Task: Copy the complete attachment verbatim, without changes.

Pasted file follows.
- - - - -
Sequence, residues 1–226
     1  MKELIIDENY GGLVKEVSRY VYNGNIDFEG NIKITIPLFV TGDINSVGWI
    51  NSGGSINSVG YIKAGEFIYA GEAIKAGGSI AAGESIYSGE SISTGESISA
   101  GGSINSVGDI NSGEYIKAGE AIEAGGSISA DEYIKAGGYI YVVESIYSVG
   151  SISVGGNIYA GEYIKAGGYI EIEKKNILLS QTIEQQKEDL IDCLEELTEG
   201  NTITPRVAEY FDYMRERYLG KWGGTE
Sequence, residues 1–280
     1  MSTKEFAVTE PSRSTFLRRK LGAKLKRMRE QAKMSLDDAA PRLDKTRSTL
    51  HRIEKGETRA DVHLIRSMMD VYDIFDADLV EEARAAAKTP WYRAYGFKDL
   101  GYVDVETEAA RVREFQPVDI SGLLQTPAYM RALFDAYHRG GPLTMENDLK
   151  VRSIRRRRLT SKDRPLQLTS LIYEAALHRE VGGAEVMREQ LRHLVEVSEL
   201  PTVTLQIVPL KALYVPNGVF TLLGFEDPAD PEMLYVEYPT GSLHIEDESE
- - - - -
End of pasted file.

Sequence, residues 1–226
     1  MKELIIDENY GGLVKEVSRY VYNGNIDFEG NIKITIPLFV TGDINSVGWI
    51  NSGGSINSVG YIKAGEFIYA GEAIKAGGSI AAGESIYSGE SISTGESISA
   101  GGSINSVGDI NSGEYIKAGE AIEAGGSISA DEYIKAGGYI YVVESIYSVG
   151  SISVGGNIYA GEYIKAGGYI EIEKKNILLS QTIEQQKEDL IDCLEELTEG
   201  NTITPRVAEY FDYMRERYLG KWGGTE
Sequence, residues 1–280
     1  MSTKEFAVTE PSRSTFLRRK LGAKLKRMRE QAKMSLDDAA PRLDKTRSTL
    51  HRIEKGETRA DVHLIRSMMD VYDIFDADLV EEARAAAKTP WYRAYGFKDL
   101  GYVDVETEAA RVREFQPVDI SGLLQTPAYM RALFDAYHRG GPLTMENDLK
   151  VRSIRRRRLT SKDRPLQLTS LIYEAALHRE VGGAEVMREQ LRHLVEVSEL
   201  PTVTLQIVPL KALYVPNGVF TLLGFEDPAD PEMLYVEYPT GSLHIEDESE